The promised release of Time Machine is hot on the heels of Symantecís announcement that millions of people are in danger of losing their digital photo albums. Desktop data backup has always been a slightly annoying task that required extra hardware and software. Users donít always stay vigilant even with pushbutton external solutions. Time Machine makes a running incremental backup to an external hard drive, and allows restoring single files in the timeline. The intuitive interface reminds me of flipping through a Rolodex file. Time Machine also tracks file revisions, so it will no longer be a big deal when I accidentally save over an important document.
One of my longstanding complaints with Apple is that they spent a decade worrying about their image and not working on new features. Itís nice to see them come full circle and once again concentrate on providing the neat features that make using a computer fun.
Edit: Just to clarify, the WWDC isn't over yet, but the Steve Jobs keynote was the big event for those of us who don't code. Thanks to Angela Mitchell for smacking me upside the head with the reminder.
Suffering from bruised bananas because they get squashed in your lunch bag? The Banana Guard can help keep your fruit scratch-free. Designed to fit 90% of all bananas, it comes in five brilliant colors, including Mellow Yellow. Also features a secure locking mechanism (to keep the apes at bay) and air holes to allow for proper ripening.
Banana Guard is the brainchild of three Canadian emergency room doctors. Apparently their sensitivity to trauma extended to their favorite fruit.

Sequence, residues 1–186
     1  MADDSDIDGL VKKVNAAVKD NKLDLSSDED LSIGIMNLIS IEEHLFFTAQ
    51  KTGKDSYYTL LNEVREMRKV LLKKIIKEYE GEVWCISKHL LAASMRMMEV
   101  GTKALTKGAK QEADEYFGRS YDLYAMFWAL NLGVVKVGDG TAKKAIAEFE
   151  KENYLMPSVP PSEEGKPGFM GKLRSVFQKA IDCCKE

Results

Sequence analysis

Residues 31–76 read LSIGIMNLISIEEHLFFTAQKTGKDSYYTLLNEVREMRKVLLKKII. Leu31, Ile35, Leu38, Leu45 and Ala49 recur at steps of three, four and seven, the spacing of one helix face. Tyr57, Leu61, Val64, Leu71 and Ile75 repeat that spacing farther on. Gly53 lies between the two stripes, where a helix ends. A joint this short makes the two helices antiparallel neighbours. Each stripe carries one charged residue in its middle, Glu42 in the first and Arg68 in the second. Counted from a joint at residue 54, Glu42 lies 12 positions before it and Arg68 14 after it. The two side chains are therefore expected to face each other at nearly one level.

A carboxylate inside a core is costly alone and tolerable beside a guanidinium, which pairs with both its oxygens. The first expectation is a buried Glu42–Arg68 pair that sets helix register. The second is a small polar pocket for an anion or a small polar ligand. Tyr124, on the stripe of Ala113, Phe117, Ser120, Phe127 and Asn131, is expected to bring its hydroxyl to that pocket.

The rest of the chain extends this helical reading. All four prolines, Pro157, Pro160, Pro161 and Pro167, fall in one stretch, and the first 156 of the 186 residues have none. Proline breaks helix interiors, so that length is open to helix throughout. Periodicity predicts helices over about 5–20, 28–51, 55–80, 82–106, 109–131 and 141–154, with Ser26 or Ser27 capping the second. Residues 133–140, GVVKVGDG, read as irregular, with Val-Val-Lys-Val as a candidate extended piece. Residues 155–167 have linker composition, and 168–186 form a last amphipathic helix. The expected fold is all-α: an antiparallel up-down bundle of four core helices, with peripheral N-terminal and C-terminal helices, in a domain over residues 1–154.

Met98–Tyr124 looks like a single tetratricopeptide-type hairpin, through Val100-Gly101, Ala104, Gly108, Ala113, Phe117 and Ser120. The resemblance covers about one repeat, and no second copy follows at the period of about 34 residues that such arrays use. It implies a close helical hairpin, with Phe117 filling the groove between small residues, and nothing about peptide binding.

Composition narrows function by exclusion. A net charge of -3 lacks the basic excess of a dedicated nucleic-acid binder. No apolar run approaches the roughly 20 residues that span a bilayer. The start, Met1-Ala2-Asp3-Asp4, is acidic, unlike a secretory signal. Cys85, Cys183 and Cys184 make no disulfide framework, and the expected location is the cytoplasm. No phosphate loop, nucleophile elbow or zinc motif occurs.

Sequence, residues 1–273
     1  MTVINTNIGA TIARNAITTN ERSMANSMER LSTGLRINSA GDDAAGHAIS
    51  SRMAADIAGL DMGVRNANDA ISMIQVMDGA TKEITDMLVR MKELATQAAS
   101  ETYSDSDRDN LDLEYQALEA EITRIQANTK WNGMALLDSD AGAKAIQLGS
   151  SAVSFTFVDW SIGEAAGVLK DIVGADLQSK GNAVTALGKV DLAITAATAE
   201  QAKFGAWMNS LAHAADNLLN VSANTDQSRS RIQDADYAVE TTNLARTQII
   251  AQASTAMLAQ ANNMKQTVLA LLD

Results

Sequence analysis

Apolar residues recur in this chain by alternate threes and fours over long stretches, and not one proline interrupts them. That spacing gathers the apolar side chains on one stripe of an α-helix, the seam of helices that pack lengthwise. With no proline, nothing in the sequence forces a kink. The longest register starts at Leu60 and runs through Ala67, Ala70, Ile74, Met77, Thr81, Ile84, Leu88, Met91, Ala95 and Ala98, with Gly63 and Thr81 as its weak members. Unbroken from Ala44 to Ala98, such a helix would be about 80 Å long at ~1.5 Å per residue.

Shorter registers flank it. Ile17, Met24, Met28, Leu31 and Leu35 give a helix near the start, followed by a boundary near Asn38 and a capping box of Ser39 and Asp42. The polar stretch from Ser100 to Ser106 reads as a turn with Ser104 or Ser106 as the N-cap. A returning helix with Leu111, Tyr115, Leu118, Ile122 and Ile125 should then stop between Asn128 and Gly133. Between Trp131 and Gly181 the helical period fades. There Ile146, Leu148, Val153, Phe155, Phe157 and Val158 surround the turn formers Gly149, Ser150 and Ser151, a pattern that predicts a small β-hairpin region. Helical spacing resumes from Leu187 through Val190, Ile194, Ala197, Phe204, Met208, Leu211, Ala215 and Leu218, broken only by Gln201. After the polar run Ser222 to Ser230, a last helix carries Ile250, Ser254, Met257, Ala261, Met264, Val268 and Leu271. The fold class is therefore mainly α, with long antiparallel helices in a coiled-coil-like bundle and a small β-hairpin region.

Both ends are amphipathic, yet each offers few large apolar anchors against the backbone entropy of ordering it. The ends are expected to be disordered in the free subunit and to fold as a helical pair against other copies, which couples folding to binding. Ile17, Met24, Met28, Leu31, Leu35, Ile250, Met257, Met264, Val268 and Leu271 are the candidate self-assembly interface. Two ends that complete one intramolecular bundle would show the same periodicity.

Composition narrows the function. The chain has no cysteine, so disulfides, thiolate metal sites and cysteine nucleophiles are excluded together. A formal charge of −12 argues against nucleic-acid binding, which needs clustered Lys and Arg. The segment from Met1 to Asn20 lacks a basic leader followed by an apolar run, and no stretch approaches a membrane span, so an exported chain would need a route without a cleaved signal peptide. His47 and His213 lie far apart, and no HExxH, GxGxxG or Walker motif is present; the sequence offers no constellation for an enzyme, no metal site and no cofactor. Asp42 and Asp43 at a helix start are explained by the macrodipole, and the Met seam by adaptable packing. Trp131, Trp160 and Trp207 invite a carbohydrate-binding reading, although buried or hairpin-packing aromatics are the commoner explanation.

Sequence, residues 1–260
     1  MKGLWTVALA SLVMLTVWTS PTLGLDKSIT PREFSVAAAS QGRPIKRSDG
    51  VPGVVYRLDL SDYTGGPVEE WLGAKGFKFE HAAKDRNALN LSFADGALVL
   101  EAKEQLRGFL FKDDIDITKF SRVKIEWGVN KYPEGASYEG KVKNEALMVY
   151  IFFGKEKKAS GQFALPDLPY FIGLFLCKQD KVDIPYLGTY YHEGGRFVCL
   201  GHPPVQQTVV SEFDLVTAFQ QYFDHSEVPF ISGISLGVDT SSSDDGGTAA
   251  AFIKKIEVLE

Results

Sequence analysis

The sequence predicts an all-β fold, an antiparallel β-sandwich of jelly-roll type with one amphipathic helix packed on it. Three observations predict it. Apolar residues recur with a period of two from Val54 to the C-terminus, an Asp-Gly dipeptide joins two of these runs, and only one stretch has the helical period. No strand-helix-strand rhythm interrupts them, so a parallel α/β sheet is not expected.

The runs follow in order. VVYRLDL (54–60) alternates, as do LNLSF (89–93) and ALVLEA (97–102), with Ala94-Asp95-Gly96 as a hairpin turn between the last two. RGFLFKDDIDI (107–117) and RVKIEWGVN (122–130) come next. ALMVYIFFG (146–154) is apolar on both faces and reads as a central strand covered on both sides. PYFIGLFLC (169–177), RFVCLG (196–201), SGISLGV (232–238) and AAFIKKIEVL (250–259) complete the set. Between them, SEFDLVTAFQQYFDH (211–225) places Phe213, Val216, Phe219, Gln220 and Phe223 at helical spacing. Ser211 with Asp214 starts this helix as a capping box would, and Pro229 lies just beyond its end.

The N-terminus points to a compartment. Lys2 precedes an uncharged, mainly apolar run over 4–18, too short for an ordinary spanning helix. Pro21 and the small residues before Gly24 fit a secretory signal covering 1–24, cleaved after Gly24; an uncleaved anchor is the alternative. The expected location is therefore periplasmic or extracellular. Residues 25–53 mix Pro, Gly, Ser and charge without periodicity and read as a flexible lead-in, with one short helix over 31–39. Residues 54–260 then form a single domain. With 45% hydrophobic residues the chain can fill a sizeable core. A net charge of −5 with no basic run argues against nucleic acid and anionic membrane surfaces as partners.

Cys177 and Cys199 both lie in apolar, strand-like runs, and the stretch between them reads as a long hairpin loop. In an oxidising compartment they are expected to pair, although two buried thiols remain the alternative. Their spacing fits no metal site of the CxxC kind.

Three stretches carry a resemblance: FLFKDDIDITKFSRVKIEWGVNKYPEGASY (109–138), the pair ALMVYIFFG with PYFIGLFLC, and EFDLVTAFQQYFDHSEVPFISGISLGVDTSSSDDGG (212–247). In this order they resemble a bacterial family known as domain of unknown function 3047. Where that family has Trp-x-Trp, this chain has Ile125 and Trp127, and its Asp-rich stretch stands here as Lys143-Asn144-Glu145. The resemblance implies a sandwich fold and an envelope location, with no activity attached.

Strangely enough, the only retailer listed on the website for the US is a bicycle parts store?!?!?!? The Canadian network of retailers also includes bicycle parts stores, but adds in golf equipment stores, and even . . . a few kitchen stores . . . imagine that! Guess Iíll stick to ordering online for this one!
Call me a diehard, but I think Iíll be going to my grave using an EnduraPro keyboard.
To those of you who are old enough to remember what typing on an IBM typewriter or an original PC keyboard, youíll know exactly why I stand where I do. To the young ones out there, it means typing on a keyboard that uses IBMís proprietary buckling spring technology. Yes, these are the ones that make the comparatively loud clickety-clack noise with every keystroke. But they are also the ones that give a more positive response, which is proven to improve speed and accuracy and reduce fatigue.
The EnduraPro, offered by Unicomp, comes in several varieties, including models with integrated trackball and point stick devices. Most computers today come with cheap, "throw in" keyboards. Youíve been quick to upgrade your processor to bigger and better. Why not do the same for your keyboard?
The Commonwealth Scientific and Industrial Research Organization has created, Airhockey Over a Distance. This prototype of "computer-mediated human-to-human interaction" allows you to play an actual game of airhockey with a physical puck (well two of them) over the network. A player with one half of the table sends his puck across the rink. When it reaches the "center," the system catches the puck and records the location, angle and velocity of the puck. Then, it transmits this data to the other table. On the other end, the table ejects its own puck to the opponent and play continues.
I love mods and hacks of old stuff to make them new and useful. This savyy moder turned an old NES controller into television remote control. The directional keypad changes channels, the A and B buttons work the volumn, and the Start button is for power.